http://forum.slowtwitch.com/forum/Slowtwitch_Forums_C1/Triathlon_Forum_F1/Mad_fiber-_Anyone_know_whats_going_on_there_P4804645/


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My final questions to Case regarded Mad Fiber and what would happen with that company. Currently, the web site has a single page asking visitors to check back later and the phone isn’t being answered. He admitted that production had been shut down and operations had been suspended in the short term.


http://redkiteprayer.com/tag/mad-fiber/


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PostPosted: Mon Oct 21, 2013 11:32 am 
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Wonder if that's why they're all over ebay now


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PostPosted: Mon Oct 21, 2013 12:22 pm 
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^ I haven't followed how often they are on eBay but just looked now. Is that more than are typically listed for sale? I would be hard pressed to spend that much on them knowing MadFiber is caput (at least in its current form) and no warranty support.


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PostPosted: Mon Oct 21, 2013 3:56 pm 
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They've always been up there, but it seems (haven't actively tracked) like they dominate your searches now with all the decals etc.


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PostPosted: Mon Oct 21, 2013 4:07 pm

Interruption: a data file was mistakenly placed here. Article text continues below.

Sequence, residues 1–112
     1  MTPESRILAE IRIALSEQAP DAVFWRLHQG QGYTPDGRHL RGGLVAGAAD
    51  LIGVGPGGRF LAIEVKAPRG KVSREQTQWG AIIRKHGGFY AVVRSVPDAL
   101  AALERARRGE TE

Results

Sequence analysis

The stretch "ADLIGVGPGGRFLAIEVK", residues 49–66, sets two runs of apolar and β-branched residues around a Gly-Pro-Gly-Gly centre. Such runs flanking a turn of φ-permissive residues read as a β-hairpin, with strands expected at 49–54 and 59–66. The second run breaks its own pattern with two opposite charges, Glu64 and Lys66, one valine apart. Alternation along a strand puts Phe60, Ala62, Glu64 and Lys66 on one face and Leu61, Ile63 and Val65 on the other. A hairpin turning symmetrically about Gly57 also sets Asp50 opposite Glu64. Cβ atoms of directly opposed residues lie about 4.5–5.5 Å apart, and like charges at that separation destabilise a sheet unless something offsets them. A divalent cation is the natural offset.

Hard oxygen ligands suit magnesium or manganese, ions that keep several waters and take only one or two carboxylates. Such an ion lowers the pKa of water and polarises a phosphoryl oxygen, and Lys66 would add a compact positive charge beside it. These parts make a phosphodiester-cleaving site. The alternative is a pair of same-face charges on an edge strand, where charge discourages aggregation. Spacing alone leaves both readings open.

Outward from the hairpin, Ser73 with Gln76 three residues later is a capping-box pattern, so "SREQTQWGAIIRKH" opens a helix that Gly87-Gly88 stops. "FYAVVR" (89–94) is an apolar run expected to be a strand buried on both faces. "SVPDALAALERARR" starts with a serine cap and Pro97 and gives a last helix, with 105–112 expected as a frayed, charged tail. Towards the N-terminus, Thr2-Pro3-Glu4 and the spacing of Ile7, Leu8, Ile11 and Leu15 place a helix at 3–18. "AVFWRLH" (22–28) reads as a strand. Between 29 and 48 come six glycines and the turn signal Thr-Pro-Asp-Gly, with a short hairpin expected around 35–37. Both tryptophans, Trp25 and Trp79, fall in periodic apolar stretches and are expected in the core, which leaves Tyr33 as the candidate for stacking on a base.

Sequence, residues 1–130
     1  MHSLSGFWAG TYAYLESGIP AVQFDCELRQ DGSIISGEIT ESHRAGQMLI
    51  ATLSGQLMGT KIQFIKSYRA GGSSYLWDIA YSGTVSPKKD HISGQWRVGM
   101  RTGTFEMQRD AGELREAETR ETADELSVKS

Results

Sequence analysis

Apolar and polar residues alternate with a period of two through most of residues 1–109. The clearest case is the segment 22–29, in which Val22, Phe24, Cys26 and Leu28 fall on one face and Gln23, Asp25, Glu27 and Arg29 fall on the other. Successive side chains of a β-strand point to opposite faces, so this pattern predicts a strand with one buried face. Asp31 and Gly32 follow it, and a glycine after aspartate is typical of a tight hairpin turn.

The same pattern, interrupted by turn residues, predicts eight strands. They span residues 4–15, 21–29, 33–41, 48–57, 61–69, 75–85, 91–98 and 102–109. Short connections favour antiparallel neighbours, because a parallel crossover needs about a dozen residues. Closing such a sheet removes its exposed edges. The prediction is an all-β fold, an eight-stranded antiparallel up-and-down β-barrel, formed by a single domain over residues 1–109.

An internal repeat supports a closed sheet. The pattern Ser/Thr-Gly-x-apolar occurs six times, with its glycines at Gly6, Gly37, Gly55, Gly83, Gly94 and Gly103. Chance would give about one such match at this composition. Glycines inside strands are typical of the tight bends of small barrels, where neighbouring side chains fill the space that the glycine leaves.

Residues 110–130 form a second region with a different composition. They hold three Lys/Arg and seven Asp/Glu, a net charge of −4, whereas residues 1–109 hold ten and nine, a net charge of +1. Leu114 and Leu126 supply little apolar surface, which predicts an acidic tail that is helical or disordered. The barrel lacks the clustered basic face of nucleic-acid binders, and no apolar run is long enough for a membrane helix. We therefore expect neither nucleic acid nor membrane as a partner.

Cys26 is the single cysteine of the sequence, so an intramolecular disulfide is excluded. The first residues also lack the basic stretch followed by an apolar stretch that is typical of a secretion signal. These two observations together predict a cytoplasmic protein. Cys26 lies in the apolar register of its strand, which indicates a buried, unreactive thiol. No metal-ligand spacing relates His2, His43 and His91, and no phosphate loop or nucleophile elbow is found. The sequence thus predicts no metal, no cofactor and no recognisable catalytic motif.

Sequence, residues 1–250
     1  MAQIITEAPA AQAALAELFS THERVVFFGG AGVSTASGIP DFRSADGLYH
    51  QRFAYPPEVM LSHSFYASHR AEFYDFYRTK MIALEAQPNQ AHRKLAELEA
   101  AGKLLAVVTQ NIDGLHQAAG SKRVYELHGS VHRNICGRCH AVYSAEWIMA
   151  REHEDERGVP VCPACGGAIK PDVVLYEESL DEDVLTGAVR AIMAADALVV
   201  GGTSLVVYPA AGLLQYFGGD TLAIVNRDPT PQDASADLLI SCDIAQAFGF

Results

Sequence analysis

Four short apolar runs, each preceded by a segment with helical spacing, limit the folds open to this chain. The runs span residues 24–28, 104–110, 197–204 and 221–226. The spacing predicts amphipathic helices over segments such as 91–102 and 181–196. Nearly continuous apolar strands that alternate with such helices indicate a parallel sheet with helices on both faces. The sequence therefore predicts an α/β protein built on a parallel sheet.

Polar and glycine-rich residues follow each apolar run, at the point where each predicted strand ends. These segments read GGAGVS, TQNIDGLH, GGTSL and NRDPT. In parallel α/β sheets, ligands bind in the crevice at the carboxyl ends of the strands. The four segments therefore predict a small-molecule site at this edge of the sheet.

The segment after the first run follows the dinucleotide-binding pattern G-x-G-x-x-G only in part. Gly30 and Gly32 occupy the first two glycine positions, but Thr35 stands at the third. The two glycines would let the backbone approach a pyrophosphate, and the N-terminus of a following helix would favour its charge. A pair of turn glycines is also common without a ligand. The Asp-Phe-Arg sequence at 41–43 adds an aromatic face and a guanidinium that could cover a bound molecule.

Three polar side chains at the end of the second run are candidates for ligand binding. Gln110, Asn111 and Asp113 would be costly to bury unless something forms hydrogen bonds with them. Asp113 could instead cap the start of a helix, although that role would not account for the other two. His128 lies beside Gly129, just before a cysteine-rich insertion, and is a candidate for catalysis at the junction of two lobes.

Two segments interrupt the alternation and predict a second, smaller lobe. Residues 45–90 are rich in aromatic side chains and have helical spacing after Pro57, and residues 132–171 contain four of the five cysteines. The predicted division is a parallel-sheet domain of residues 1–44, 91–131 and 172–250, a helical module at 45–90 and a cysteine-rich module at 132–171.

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WOw

This all sucks, I wonder if it reflects a massive slow-down or fall-off in sales in the high end cycling industry overall. That would be bad.

And I agree for anyone considering buying a wheel like Madfiber with so much proprietary technology and components, warrantee and repair issues over the long-term would have be a real source of worry and doubt, at least for me and I've been a fan for a long time. Seems like "traditional" wheels are still the way to go for practicality (see Lew for example...) and long-term durability/serviceablility. Which kind of sucks as I think it moves the industry away form experimentation, risk-taking and innovation in favor of more-of-the-same-but-better approaches.

All I can say is I'm still so glad I bought my Moots SL when I did.... who knows who's next.

Ive also noticed somany brands, manufacturers and even apparel designers like Assos have gone for lower-end lines of product, cheaper and "outlet" style sales to increase revenue instead of high-end, limited production like they used to. Wonder if its all connected to either drastically reduced revenue overall or attempts to grow and expand marketshare and increase profits at the expense of quality and production-costs. I have noticed a definite decline in Asso quality as their lines have expanded. (Dont mean to sound snoby but its just an observation) As others like Capo and the rest have tried to catch up to Assos in regards to design and fabrics, etc.

Maybe this reflects an industry-wide trend?

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PostPosted: Mon Oct 21, 2013 4:55 pm